Q2 2020 North America Construction Monitor: Infrastructure activity to drive sector recovery in Canada but overall profits to remain compressed

risc report chart

Ontario Construction News staff writer

The Royal Institution of Chartered Surveyors (RICS), Association for the Advancement of Cost Engineering (AACE) and Canadian Institute of Quantity Surveyors (CIQS) have released the second quarter results for their North American Construction Monitor. The results they report are not surprising —  the COVID-19 pandemic and the related economic lockdowns are having a significant impact on the construction industry globally, according to respondents.

Underlying these weaker numbers has been a predictable fall in headcount, profits and new business enquiries. Payment delays have inevitably increased with suggestions from respondents that the costs of materials used in construction have also been rising, RISC says in a statement.

“The feedback to the monitor highlights the challenges construction businesses in North America are likely to face over the coming year with workloads anticipated to be flat at best away from the infrastructure sector and profits remaining under pressure,” said RISC chief economist Simon Rubinsohn. “For the time being, the extent of underbidding is relatively modest both in the US and Canada which is encouraging but whether this can be sustained if the macro recovery continues to falter remains to be seen.”

Specifically in Canada, feedback around activity in the second quarter inevitably also reflected the impact of COVID-19. Forward looking indicators are a little more positive with infrastructure anticipated to drive recovery across the sector following a number of government announcements.

Private residential workloads are viewed as being broadly unchanged over the next 12 months but perceptions around private nonresidential activity remains a little more downbeat.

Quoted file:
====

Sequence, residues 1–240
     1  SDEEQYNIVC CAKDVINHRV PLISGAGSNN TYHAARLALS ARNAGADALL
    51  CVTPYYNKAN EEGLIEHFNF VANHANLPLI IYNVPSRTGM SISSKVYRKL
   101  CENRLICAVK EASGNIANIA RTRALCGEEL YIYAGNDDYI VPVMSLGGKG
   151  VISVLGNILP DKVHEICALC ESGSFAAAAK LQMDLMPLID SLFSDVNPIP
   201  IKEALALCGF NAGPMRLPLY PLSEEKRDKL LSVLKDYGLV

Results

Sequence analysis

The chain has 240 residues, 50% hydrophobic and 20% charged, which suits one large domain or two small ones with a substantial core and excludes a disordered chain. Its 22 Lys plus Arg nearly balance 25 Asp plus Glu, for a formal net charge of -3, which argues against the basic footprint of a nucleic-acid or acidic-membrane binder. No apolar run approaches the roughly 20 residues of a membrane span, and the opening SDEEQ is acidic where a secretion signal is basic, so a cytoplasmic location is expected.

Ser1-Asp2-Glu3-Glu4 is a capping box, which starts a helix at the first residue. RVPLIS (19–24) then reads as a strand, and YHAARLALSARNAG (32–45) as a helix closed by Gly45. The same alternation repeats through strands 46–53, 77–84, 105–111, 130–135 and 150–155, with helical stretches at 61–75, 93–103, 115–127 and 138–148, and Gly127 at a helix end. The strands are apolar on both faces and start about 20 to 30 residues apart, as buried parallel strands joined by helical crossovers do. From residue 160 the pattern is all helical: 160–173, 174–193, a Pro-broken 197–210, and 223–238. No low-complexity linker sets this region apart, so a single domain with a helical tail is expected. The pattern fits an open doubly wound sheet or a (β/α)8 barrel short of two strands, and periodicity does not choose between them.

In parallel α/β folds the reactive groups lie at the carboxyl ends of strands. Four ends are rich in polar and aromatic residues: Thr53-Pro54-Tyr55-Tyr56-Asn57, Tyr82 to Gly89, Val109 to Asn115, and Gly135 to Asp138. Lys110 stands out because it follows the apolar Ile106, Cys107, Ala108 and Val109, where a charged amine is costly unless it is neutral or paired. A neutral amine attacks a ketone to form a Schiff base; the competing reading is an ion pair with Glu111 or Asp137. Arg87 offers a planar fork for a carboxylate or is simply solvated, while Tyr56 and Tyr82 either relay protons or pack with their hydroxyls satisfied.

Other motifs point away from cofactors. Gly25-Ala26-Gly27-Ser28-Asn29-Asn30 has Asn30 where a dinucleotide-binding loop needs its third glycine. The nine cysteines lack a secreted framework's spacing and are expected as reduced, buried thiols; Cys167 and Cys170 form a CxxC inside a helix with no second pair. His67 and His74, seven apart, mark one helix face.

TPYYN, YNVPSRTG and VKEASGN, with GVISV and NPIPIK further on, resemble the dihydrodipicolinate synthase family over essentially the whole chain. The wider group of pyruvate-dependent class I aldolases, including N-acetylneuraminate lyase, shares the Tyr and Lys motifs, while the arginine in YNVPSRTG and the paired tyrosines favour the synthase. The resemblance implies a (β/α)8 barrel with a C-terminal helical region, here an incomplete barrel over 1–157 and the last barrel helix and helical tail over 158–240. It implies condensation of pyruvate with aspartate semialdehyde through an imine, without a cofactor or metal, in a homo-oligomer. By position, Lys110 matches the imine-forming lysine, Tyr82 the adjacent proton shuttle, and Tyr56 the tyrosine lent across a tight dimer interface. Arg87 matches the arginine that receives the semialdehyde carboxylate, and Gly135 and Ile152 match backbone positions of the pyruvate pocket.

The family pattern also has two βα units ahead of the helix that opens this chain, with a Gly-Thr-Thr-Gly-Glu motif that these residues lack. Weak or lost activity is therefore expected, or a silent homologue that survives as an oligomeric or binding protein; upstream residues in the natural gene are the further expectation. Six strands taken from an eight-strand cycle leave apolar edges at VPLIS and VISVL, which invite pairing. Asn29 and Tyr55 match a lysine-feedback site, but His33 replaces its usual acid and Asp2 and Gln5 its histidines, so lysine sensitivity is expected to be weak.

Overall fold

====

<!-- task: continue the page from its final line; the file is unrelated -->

Although headcounts (measured in net balance terms) fell in the second quarter, hiring is viewed as likely to pick up over the next 12 months. Skills shortages are still perceived to be a problem for the sector, even if they are somewhat less visible than in previous quarters. The latest data shows the issue continues to be most marked in the areas of skilled labour and quantity surveyors.

“As the economy is slowly opening back up after several months of varying stages of a lockdown across Canada, the sheer magnitude of the COVID-19 pandemic’s impact at home and abroad is becoming more evident,” said CIQS CEO Sheila Lennon.

“Despite supply shortages and an expected increase in construction and material costs over the next 12 months, there is an anticipated increase in employment opportunities within our sector in response to the government announcement of a significant investment in infrastructure projects over the next few years.”

Profit margins are likely to compress further according to responses to the survey reflected in construction costs outstripping tender prices. For the coming year, average reading for the former is put at more than 4% according to contributors compared with a modest 1% rise in tender prices.

That said, for the time being, the majority of tenders being received are not ‘consistently’ below realistically produced estimates of costs. Predictably in the current environment, productivity is being impacted by the coronavirus related working arrangements on construction sites.

However, in the case of Canada, close to half the responses expect the loss of productivity to be in the 0 to 10% range. Around one-quarter see the impact being in the 10% to 20% range while around 15% envisage no loss as a result of the changed circumstances.

Survey methodology

Survey questionnaires were sent out on June 10 with responses received until 23 July. Respondents were asked to compare conditions over the latest three months with the previous three months as well as their views as to the outlook. A total of 1,816 company responses were received globally, 408 of which were from the UK. Responses in Canada were collected in conjunction with the Canadian Institute of Quantity Surveyors. Responses in the United States were collected in conjunction with the Association for the Advancement of Cost Engineering.


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